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Old 06-03-2009, 10:29 AM   #1
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Abbot, Jacob: Makers of History - Darius the Great. V1. 3 June 2009

Jacob Abbott (November 14, 1803 October 31, 1879) was an American writer of children's books.
Abbott was born at Hallowell, Maine. He graduated from Bowdoin College in 1820; studied at Andover Theological Seminary in 1821, 1822, and 1824; was tutor in 1824-1825, and from 1825 to 1829 was professor of mathematics and natural philosophy at Amherst College; was licensed to preach by the Hampshire Association in 1826; founded the Mount Vernon School for Young Ladies in Boston in 1829, and was principal of it in 1829-1833; was pastor of Eliot Congregational Church (which he founded), at Roxbury, Massachusetts in 1834-1835; and was, with his brothers, a founder, and in 1843-1851 a principal of Abbott's Institute, and in 1845-1848 of the Mount Vernon School for Boys, in New York City.

Excerpt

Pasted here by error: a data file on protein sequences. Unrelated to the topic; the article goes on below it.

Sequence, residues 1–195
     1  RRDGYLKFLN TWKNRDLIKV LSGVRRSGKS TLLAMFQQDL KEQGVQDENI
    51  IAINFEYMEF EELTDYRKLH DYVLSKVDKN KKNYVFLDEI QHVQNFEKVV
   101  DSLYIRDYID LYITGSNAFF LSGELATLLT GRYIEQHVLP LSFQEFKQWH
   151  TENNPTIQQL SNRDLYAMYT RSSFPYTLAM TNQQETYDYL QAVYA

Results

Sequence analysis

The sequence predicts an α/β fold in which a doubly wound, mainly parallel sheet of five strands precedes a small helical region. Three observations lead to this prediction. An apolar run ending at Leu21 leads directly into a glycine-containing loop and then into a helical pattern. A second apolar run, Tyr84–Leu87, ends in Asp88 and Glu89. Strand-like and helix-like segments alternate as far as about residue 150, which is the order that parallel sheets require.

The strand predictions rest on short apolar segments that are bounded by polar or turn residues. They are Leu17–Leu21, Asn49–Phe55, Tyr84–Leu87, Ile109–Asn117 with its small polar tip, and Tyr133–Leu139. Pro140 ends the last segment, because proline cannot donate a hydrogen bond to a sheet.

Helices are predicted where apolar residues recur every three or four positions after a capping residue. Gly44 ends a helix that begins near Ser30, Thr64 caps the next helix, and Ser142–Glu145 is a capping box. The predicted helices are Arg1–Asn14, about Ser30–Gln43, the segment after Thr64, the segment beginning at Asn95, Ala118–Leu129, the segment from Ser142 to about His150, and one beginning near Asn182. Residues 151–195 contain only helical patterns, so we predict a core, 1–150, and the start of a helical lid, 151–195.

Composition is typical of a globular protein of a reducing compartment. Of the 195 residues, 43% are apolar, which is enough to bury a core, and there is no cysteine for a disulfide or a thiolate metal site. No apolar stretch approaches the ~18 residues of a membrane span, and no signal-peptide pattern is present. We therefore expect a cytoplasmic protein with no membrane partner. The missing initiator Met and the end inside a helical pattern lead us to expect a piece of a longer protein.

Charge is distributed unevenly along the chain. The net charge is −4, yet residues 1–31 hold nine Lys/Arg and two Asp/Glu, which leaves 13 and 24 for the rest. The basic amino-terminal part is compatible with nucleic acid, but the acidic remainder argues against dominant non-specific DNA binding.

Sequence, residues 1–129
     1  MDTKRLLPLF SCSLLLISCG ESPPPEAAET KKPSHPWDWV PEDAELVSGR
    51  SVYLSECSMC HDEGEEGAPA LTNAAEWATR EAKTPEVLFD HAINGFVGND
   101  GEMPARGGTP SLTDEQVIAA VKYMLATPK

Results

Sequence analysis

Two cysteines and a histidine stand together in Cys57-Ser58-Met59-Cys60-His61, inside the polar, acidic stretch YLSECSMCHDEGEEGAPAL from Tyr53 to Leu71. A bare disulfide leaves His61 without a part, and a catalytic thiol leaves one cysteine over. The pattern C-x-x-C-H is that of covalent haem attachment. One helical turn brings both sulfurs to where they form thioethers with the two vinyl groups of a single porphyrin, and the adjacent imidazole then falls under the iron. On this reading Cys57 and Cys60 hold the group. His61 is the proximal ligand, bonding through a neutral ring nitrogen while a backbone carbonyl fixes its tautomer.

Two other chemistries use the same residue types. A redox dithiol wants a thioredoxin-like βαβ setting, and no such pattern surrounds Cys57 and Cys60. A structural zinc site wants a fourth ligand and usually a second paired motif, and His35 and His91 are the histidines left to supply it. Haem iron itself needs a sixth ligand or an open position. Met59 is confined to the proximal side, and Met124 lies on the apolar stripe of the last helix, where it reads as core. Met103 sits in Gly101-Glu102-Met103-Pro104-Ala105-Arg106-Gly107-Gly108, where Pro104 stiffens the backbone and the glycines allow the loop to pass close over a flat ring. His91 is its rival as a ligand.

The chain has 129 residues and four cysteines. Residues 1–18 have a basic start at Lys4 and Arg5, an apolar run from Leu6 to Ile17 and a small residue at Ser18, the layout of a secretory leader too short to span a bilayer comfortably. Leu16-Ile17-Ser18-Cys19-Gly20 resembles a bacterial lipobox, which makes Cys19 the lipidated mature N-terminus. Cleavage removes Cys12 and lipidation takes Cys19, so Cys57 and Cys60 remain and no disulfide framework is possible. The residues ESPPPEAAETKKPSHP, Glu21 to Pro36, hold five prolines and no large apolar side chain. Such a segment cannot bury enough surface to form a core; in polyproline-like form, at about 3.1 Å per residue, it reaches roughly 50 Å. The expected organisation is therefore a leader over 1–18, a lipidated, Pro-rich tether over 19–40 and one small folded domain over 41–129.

In describing the character and the action of the personages whose histories form the subjects of this series, the writer makes no attempt to darken the colors in which he depicts their deeds of violence and wrong, or to increase, by indignant denunciations, the obloquy which heroes and conquerors have so often brought upon themselves, in the estimation of mankind, by their ambition, their tyranny, or their desperate and reckless crimes. In fact, it seems desirable to diminish, rather than to increase, the spirit of censoriousness which often leads men so harshly to condemn the errors and sins of others, committed in circumstances of temptation to which they themselves were never exposed. Besides, to denounce or vituperate guilt, in a narrative of the transactions in which it was displayed, has little influence in awakening a healthy sensitiveness in the conscience of the reader. We observe, accordingly, that in the narratives of the sacred Scriptures, such denunciations are seldom found. The story of Absalom's undutifulness and rebellion, of David's adultery and murder, of Herod's tyranny, and all other narratives of crime, are related in a calm, simple, impartial, and forbearing spirit, which leads us to condemn the sins, but not to feel a pharisaical resentment and wrath against the sinner.
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